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Kentucky by Heart: Testing your knowledge of Ky’s history, culture and geography with a ‘County Quiz’


By Steve Flairty
KyForward columnist

Though I’m not sure I’ve been to all 120 Kentucky counties, I believe it is pretty close to that number.

I’ve found that if you study the history, culture, and geography of each, you’ll learn some quite interesting trivia, though the people who make up those counties would not prefer to call them “trivial matters.” Ha.

I thought it would be fun for my readers to test their own knowledge of these places, so I’ve been researching our counties and have come with questions for each. I’ll present 60 this week and the other 60 next week. As best as I know, there is only one right answer for each. To check your answers, email me at sflairty2001@yahoo.com with “Kentucky County Quiz Part 1” in the subject. I’ll promptly respond…but take a shot at ‘em before you give up! You might also want to make this a family activity.

Here goes!

What Kentucky county…

…includes the town of Grant’s Lick? (#1)

…had its courthouse destroyed by fire in 1872 and 1901, resulting in the loss of county records? (#2)

…is the location of Happy Top Mountain? (#3)

…is the home of writer Wendell Berry? (#4)

…was the home of the iconic Appalachian novelist, James Still? (#5)

…is where the hard rock band, Black Stone Cherry, was formed in 2001? (#6)

…is where a 2011 Medal of Honor winner was born? (#7)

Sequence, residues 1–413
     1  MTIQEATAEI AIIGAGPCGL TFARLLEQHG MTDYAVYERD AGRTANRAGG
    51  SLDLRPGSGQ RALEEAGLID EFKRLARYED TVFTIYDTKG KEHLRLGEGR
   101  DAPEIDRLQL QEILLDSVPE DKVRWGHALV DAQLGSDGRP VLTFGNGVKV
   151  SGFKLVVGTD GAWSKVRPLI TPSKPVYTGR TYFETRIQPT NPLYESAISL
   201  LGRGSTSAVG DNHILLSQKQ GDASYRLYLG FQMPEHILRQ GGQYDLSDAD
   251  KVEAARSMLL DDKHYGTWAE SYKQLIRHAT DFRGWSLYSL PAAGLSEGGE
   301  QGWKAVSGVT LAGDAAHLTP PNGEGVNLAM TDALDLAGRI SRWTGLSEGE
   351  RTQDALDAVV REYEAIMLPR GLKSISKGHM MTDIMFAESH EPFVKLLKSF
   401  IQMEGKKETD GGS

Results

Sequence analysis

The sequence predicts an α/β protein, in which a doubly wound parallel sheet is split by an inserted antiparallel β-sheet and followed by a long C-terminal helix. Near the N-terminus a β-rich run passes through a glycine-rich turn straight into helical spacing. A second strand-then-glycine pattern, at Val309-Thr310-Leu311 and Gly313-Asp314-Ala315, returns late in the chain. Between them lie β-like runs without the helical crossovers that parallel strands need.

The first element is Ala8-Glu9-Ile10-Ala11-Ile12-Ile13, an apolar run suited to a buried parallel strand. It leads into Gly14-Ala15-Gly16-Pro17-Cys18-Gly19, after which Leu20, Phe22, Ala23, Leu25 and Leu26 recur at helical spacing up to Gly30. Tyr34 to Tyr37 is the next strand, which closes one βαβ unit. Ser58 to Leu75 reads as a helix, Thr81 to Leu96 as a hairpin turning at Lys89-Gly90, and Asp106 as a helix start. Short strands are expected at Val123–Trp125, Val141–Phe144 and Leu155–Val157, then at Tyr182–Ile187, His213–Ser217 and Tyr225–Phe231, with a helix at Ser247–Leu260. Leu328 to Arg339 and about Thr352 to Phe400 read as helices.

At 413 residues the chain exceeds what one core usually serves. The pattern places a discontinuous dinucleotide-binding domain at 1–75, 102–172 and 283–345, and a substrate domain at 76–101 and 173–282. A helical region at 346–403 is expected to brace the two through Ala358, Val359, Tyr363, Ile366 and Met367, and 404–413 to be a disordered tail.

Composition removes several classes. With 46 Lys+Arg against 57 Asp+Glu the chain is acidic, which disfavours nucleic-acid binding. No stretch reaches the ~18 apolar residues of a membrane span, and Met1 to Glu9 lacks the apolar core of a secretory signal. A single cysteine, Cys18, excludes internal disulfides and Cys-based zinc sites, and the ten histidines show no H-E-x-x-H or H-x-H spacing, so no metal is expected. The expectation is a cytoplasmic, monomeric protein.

…is where Robert H. Grubbs, co-recipient of the 2005 Nobel Prize in Chemistry, was born? (#8)

…was the last of the original nine counties established that formed the Commonwealth of Kentucky in 1792? (#9)

…is the location of the archaeological site, Ramey Mound? (#10)

…is known as “The Saddlebred Capital of the World”? (#11)

…is where Margaret Garner lived as a slave and became the inspiration for Toni Morrison’s book, Beloved? (#12)

…includes the communities of Sunrise, Shawhan, and Oddville? (#13)

…calls Bardwell its county seat? (#14)

…is the location where the first successful hand transplant was performed? (#15)

…is the birthplace of Johnny Depp? (#16)

…is the birthplace of former Kentucky governor Louie Nunn? (#17)

…is the site of Pleasant Hill, or Shakertown? (#18)

…originated and still bottles the soft drink, Ale-8-One? (#19)

…is where the original “Aunt Jemima,” Nancy Green, was raised? (#20)

…had Farmers and Clearfield as its first two settlements? (#21)

…lost 31 of its residents as a result of an F5 tornado on April 3, 1974? (#22)

…is where country music singer Tom T. Hall was born? (#23)

…is noted for its “Wooden Bridge Festival” in the community of Island? (#24)

…did Medal of Honor winner Andrew Jackson Smith, born into slavery, reside? (#25)

…is the location of Wolf Creek Dam, built in 1952, creating Lake Cumberland? (#26)

…is the location of the Kentucky Veteran and Patriot Museum? (#27)

…has the gravesite of the great-grandparents of department store founder J.C. Penny? (#28)

…includes the communities of Elsie, Logville, and Falcon? (#29)

…is the birthplace of former WKU and NBA basketball star, Jim McDaniels? (#30)

…is the smallest in population and second smallest in land area? (#31)